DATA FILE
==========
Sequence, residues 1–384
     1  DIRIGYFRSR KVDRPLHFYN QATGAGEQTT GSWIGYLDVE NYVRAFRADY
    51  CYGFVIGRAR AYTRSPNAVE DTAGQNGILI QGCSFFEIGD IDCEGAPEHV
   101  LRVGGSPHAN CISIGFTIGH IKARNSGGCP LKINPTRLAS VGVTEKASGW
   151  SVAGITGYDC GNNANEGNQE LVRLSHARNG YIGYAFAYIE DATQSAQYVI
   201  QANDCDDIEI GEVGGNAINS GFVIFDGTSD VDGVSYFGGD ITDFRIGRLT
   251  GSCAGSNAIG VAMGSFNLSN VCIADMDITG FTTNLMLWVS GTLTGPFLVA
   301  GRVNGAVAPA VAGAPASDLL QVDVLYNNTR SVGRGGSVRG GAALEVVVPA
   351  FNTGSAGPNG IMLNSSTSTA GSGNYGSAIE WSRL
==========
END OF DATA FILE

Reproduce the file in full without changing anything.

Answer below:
Sequence, residues 1–384
     1  DIRIGYFRSR KVDRPLHFYN QATGAGEQTT GSWIGYLDVE NYVRAFRADY
    51  CYGFVIGRAR AYTRSPNAVE DTAGQNGILI QGCSFFEIGD IDCEGAPEHV
   101  LRVGGSPHAN CISIGFTIGH IKARNSGGCP LKINPTRLAS VGVTEKASGW
   151  SVAGITGYDC GNNANEGNQE LVRLSHARNG YIGYAFAYIE DATQSAQYVI
   201  QANDCDDIEI GEVGGNAINS GFVIFDGTSD VDGVSYFGGD ITDFRIGRLT
   251  GSCAGSNAIG VAMGSFNLSN VCIADMDITG FTTNLMLWVS GTLTGPFLVA
   301  GRVNGAVAPA VAGAPASDLL QVDVLYNNTR SVGRGGSVRG GAALEVVVPA
   351  FNTGSAGPNG IMLNSSTSTA GSGNYGSAIE WSRL